Autumn 1863 No. 16

Lady-Journal

 

In the year of 1863, Johanna Cardiff was becoming a young woman; her country was split by war.  This is her journal; these are her journeys. 


 

Dear Samuel,

How I wish I could be as Rip Van Winkle, who disturbed by the commotion, slept his way through the Revolutionary War.  Would that really be so bad?

I am at a loss as to what to feel, how to think, and at times, how to behave.

Over this summer, the Union Armies have achieved two great victories.  After three days of battle, the first through the third of this July past, General Meade soundly defeated General Lee and forced the later to abandon his northward push.  I am certain the words Gettysburg, Pennsylvania will long be remembered as the turning point of this endeavor.

The victory at Gettysburg was followed up, not twenty-four hours later, with the surrender of an entire Confederate Army at Vicksburg, Mississippi.  General Grant prevailed and not only did he have the day, he captured twenty-nine thousand rebel soldiers.

Why, may you ask, after victories of such magnitude, can I be so remorse?  It is easy, my dear brother, those victories came at a cost of an estimated fifty-six thousand men killed or wounded.  The numbers of the carnage seem to grow larger with each passing battle without thought or consequence.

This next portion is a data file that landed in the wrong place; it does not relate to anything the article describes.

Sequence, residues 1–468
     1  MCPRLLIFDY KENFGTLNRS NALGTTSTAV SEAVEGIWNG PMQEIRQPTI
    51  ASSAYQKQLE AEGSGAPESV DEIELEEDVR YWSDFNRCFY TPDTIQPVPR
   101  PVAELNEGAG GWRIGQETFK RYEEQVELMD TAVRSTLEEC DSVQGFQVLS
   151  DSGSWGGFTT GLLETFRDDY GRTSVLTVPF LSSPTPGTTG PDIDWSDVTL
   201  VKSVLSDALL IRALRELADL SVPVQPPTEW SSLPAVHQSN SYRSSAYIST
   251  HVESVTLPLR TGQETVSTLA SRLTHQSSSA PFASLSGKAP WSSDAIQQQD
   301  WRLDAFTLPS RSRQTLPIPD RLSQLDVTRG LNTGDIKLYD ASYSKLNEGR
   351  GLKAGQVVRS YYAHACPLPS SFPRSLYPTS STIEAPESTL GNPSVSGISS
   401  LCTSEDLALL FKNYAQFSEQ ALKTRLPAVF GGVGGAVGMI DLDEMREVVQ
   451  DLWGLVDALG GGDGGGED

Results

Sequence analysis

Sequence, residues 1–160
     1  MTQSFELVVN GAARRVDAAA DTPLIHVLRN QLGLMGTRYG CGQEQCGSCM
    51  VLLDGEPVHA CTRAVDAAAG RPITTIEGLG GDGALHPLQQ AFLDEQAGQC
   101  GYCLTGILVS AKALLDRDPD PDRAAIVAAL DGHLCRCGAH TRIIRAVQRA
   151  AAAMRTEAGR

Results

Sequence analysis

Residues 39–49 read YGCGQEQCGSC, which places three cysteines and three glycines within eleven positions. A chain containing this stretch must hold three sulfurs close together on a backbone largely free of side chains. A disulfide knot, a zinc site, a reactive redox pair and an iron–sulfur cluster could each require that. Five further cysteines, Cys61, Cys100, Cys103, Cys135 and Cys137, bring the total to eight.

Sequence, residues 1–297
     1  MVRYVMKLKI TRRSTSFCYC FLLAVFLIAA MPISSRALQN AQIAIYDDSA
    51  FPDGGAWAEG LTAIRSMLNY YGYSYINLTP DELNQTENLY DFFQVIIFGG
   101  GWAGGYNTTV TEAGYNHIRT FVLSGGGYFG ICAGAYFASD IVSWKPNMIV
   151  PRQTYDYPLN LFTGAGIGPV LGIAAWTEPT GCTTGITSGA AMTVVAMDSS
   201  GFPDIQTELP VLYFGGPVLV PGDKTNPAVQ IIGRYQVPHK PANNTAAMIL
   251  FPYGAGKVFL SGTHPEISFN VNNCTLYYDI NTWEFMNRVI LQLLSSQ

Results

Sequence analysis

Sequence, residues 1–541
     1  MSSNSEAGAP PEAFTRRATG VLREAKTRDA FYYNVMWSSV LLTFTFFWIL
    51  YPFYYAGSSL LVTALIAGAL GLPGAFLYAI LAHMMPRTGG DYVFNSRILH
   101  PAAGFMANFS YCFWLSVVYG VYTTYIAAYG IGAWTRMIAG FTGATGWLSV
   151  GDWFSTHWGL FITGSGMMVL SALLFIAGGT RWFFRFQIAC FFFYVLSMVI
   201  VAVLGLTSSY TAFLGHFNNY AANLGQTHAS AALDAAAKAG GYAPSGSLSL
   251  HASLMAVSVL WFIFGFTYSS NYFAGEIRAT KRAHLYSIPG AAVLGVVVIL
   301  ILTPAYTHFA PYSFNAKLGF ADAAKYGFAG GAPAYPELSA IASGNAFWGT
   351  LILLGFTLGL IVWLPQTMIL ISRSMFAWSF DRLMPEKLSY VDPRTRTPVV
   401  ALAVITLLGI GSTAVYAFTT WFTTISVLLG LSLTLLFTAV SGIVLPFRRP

In truth, I was ecstatic when I read of the aforementioned victories.  I was certain my many prayers asking for the end of this war was finally being answered.  I joined in the street dance and the community celebration held at the Elmira city park.  I, as many others, saw these victories as signs that the end of this struggle was at hand.

Now, not many days later, I read of the draft riots in New York City and further north in Buffalo.  Men from our state refusing to answer the call to arms.  As I read the varied accounts, I soon learned the cause of the social unrest was not the fear of battle, as had been supposed by many of the first articles.  The true basis of the anger was the fear that once freed; the blacks of the south would migrate north and take the jobs of the very men who risked all to free them.  Most of the Irish immigrants, many who fought so courageously at Antietam and Gettysburg, not to mention other battles, see themselves in direct competition for the same work as the freed slaves.

“Why,” they ask, “should we risk death, when victory will result in increasing the struggle of our own people?”

I consider myself an abolitionist, in the same manner as our father, who preached that all peoples are children of the same God.  With that declaration made, I can sympathize with our Irish cousins, as our family came from Wales, and not fault them for being concerned for their own.  Does not charity begin at home?  How do they justify fighting and dying, as some of them will, in order to free a people who will take from them what they hold dear?

I truly wish I could be Rip Van Winkle and just sleep away the next twenty years.

I do not know how our President manages from one day to the next.  Can you think of one other person who is so respected, despised, honored, and vilified at the same time?  I believe he is a man sent to us and identified by the deity to lead us through this turmoil with its quagmire of confusion.  May the Lord keep and protect President Lincoln and hold him safe in his arms in the same manner sleep protected Mister Van Winkle.

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